Measuring Low KH - Tropical Fish Keeping - Aquarium fish care and resources
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post #1 of 3 Old 07-07-2012, 08:18 AM Thread Starter
Measuring Low KH

My KH measures 1 dKH on the API KH test. I'm wondering what that tells me. Is it really 1, is it a little less than 1, or is it 0? So I figure that I've got to get it up to 2. But how much will that increase my pH, which, at 6.8 in the morning is already close to neutral? And how do you increase KH anyway? I forgot, it's been so long since I've done it. Some people say Baking Soda, some say Baking Soda and Bicarbonate, but I don't know how much.

I suppose I could google it pretty successfully but I kinda want to hear it from a person. I'll appreciate it. I suppose the lps might have something (that's probably what most people do). I hope they have something besides pH Up because I've been turned off to those kinds of chemicals. Well, I was going there this afternoon so I'll look around.


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post #2 of 3 Old 07-07-2012, 08:37 AM Thread Starter
Oops! I forgot whether Byron has this in his articles...
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post #3 of 3 Old 07-07-2012, 10:45 AM
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Some of this is covered in the article on hardness and pH:

Unless you have a need to maintain a high pH, I would not bother with KH. I have near-zero KH in my tap water and I have in 20+ years never messed with it. I have soft acidic water fish, so this is fine.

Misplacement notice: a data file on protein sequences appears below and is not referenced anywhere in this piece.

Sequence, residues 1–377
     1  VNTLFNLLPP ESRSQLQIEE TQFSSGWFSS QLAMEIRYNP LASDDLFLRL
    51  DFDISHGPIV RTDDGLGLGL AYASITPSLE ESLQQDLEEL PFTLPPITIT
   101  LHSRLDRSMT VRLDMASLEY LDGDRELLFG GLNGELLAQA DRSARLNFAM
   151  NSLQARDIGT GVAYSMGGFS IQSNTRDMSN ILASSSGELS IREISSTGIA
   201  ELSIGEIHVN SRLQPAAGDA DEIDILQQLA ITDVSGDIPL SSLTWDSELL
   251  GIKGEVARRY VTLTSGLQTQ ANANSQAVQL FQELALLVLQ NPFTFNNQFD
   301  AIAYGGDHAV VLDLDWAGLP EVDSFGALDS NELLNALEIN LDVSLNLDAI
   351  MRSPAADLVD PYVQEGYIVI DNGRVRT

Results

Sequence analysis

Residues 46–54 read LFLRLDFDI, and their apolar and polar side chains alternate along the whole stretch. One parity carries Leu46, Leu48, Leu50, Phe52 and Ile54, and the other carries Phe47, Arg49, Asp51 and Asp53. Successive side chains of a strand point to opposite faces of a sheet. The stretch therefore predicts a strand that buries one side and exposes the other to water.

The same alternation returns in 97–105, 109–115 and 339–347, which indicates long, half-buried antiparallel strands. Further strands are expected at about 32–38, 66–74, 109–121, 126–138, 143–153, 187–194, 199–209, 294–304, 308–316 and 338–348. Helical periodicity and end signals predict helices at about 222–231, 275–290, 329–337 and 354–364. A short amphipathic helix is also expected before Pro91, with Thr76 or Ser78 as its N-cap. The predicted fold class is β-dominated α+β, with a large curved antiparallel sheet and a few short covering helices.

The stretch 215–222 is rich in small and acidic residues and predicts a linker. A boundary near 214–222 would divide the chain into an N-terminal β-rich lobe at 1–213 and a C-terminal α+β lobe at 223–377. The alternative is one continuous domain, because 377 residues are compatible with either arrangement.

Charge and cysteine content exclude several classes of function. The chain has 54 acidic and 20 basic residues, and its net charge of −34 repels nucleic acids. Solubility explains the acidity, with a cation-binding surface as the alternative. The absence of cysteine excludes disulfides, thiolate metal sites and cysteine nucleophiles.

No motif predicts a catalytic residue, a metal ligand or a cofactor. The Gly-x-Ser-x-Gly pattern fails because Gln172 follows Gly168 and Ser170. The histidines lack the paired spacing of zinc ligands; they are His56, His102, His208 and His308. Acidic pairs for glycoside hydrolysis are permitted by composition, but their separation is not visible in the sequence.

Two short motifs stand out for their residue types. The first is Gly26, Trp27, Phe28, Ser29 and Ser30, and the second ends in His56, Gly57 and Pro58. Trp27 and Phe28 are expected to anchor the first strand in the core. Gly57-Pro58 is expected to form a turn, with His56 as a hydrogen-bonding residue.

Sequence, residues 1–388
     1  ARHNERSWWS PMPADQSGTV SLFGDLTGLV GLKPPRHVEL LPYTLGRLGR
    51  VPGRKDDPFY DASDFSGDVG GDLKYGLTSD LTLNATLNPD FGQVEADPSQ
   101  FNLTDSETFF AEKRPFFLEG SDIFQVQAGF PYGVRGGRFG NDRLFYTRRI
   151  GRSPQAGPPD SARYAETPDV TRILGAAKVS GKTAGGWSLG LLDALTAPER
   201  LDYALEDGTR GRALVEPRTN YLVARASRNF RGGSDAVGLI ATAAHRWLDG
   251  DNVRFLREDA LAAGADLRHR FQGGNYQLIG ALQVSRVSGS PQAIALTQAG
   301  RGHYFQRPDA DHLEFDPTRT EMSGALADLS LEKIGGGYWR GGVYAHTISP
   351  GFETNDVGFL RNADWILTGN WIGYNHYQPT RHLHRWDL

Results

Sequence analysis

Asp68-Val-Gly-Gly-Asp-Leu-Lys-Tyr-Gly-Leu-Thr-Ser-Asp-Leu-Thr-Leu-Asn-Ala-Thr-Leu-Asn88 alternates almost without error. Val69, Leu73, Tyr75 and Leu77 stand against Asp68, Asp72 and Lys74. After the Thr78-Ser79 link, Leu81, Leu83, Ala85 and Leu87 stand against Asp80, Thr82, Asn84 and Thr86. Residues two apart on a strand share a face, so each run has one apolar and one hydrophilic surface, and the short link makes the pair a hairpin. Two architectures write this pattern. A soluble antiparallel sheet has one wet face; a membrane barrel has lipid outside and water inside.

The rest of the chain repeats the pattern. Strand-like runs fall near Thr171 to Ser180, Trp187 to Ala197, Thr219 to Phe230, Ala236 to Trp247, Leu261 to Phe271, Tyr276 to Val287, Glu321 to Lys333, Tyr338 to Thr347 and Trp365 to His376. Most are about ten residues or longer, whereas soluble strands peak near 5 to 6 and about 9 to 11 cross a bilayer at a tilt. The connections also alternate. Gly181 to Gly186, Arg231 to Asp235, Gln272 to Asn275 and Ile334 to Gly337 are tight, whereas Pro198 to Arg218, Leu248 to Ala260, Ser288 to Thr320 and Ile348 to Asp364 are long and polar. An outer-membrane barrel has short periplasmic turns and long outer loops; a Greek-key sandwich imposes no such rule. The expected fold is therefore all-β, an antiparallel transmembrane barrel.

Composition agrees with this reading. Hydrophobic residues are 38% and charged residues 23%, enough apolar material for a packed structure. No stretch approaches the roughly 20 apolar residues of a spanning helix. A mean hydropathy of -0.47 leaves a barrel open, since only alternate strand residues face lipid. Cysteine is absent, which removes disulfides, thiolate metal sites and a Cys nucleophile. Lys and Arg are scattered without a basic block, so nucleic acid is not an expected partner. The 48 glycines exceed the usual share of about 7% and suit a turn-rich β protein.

Now, having said that, there are instances when we want to maintain a stable pH perhaps higher than what it may naturally fall to in a soft water tank. I have done this by using dolomite, just half a cup or less in the filter of a 100g tank will suffice.

Using a GH booster like Equilibrium--I can't remember if you have discussed this issue in another thread, i know there have been a couple members who have--does have some impact on pH I have discovered. My tanks are now remaining in the mid-6 range, whereas previously they were down around 5. And this is due to the Equilibrium I use to raise the GH from zero to 5 or 6 dGH.

KH has no direct effect on fish; it is simply a buffering agent for pH depending upon the level.

The use of baking soda (sodium bicarbonate) is not advisable; this is explained in the article.


Byron Hosking, BMus, MA
Vancouver, BC, Canada

The aquarist is one who must learn the ways of the biologist, the chemist, and the veterinarian. [unknown source]

Something we all need to remember: The fish you've acquired was quite happy not being owned by you, minding its own business. If you’re going to take it under your wing then you’re responsible for it. Every aspect of its life is under your control, from water quality and temperature to swimming space. [Nathan Hill in PFK]
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